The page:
But also Lauren is not a satellite, her story the effect of Jane’s cause, because she’s on her own collision course, and that a daughter can be a part of you and also her own separate universe at once is the confounding paradox of parenthood. Which only makes each character’s story richer and more complicated, of course—that our mothers and daughters don’t exist for our own purposes, and here they come along, messing up. And I think it’s the seeming randomness of the novel’s many elements that underlined its artfulness to me, enhancing the texture, the way that all the pieces don’t just lock into place, because they don’t in the world. The years passing by with culture happening in the background—Buffalo makes a curiously compelling setting here, a player called O.J. Simpson playing for the local sports team, and it’s like we can see the 1990s coming. (The Fourth Child reminded me a lot of Ben Lerner’s Topeka, the way it traces so many of our current cultural divisions back to the 1990s, when all the players were stepping into formation.)

I adored the way that The Fourth Child complicated binaries, sat comfortably with paradox, and not only dared to show the many “sides” of the abortion debate, but to suggest it’s not a debate, but life itself, in all its painful, messy splendour.

July 7, 2021

Grinding Sharpening

For years, the knife sharpening van has existed on the margins of my experience, an uncanny ringing in the distance, slowly moving up and down the streets of our neighbourhood, slightly sinister. The idea of waving him down with a handful of knives always seemed awkward to me, and so I never have, and so all of our knives are dull dull dull.

The knife sharpening van makes a cameo appearance in my first novel, Mitzi Bytes, underlining the danger inherent in ordinary lives.

We were having a conversation about the knife sharpening van, its elusiveness, and our dull kitchen knives as recently as yesterday.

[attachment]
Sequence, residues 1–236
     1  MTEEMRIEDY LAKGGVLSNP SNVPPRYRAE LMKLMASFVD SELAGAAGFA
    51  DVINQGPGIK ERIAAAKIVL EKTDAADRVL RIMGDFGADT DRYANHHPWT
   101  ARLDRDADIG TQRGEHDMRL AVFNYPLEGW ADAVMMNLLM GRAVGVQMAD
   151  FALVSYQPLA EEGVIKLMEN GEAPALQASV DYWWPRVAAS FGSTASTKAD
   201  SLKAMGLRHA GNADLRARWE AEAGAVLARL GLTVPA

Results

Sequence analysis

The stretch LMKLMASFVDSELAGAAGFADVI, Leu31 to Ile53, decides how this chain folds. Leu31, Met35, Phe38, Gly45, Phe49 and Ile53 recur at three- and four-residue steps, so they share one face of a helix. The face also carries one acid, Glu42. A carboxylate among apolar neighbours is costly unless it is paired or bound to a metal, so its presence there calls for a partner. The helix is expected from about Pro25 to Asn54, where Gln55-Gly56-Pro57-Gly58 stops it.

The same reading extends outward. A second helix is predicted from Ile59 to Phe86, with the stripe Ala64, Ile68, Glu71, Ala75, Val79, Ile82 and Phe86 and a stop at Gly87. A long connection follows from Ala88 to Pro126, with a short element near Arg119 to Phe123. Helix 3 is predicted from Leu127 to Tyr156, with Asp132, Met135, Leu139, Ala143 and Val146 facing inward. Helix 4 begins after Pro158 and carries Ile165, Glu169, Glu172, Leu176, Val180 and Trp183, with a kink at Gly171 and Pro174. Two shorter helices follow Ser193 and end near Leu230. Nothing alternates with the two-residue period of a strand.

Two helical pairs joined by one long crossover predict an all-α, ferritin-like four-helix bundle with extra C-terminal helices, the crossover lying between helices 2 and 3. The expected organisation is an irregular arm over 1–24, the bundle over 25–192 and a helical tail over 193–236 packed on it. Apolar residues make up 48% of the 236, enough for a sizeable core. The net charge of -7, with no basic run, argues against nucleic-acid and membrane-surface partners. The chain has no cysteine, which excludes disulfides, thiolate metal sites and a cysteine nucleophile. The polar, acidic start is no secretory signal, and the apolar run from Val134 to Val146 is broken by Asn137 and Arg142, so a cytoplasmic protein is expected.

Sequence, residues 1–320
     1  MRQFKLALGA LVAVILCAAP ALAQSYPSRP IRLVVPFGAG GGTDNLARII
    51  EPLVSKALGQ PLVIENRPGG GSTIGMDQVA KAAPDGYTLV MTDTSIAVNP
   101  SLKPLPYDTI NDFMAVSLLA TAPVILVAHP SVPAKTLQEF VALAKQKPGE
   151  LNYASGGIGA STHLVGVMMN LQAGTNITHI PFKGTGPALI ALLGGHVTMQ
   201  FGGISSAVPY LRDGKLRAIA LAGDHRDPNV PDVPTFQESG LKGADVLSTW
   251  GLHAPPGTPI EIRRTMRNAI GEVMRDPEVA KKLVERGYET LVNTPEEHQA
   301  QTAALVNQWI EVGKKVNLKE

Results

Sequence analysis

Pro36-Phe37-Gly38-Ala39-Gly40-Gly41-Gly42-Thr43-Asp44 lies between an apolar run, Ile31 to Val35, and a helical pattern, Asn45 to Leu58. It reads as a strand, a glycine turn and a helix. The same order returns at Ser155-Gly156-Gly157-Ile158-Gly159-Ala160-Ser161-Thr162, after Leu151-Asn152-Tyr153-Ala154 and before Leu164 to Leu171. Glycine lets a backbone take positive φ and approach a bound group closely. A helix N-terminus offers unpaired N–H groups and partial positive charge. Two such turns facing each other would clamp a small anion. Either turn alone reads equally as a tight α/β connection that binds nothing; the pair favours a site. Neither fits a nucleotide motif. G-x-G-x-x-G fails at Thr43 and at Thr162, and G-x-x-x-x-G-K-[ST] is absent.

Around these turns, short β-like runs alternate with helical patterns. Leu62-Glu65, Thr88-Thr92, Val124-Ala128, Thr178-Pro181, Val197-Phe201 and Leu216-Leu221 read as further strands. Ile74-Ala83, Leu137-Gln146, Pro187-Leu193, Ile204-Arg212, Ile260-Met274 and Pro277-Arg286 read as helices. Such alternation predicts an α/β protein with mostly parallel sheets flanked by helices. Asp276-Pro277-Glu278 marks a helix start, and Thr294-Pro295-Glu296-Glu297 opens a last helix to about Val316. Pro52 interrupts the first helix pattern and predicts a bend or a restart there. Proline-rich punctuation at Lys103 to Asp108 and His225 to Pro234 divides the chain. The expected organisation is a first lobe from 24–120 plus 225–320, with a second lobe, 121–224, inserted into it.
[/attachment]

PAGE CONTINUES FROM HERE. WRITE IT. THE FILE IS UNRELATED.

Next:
And then tonight we heard the tell tale clang clang clang, and ran out the door, knife wielding maniacs. “Stop, stop!” And he did!!


And it did not even open up a portal to another dimension.

It did, however, generate considerable sparks.

And someone is likely to slice open their hand in our kitchen within the next few days.

It was really and truly magic.

July 6, 2021


(Gleanings is going in summer holidays! Will be back at regular speed in September and maybe sooner here and there…)

July 5, 2021


In February, with infection rates rising, along with new variants whose increased transmission rates were still not understood, plus cold temperatures that made potentially infectious droplets hang in the atmosphere longer (and made face coverings very practical due to facts of chill), I got in the habit of wearing a mask every time I left my house.

This was especially important since I live in a densely populated area, and every trip down the sidewalk necessitated close encounters with my neighbours, because distance wasn’t always possible. And the shift to wearing a mask all the time was a deliberate and considered one. I’d been wearing a mask every time I took my kids to school and picked them up since September, but that was because I wanted to model this behaviour and take responsibility as the parent of children with the privilege of attending school in-person. I had resisted masking as a reflex, however, because it didn’t make sense from an infection control standpoint and also I don’t like being told what to do. I was going to wear my mask when it made sense to wear a mask—indoors and/or when I was in close proximity to others.

But in February, masking outdoors made some sense, and so I shifted my habits, and so it’s been ever since, but I’m trying to quit now. With infection rates falling in Ontario (170 cases today! There were more than 4000 daily cases in April…) and vaccine rates climbing (I am two-weeks past my second shot on Thursday!), masking to walk down the street seems less necessary, especially if I am keeping to less busy routes.

It’s too easy to become entrenched in one’s habits, which makes little sense in such a dynamic situation. But one’s habits become a comfort, of course, and can stand for security, and so it takes a bit of courage and thoughtfulness to keep evolving as everything else does, but I am determined to do so, so I don’t become that nutty woman yammering on at the Farmer’s Market about what Dr. Fauci was saying about masks in March 2020, if you know what I am saying.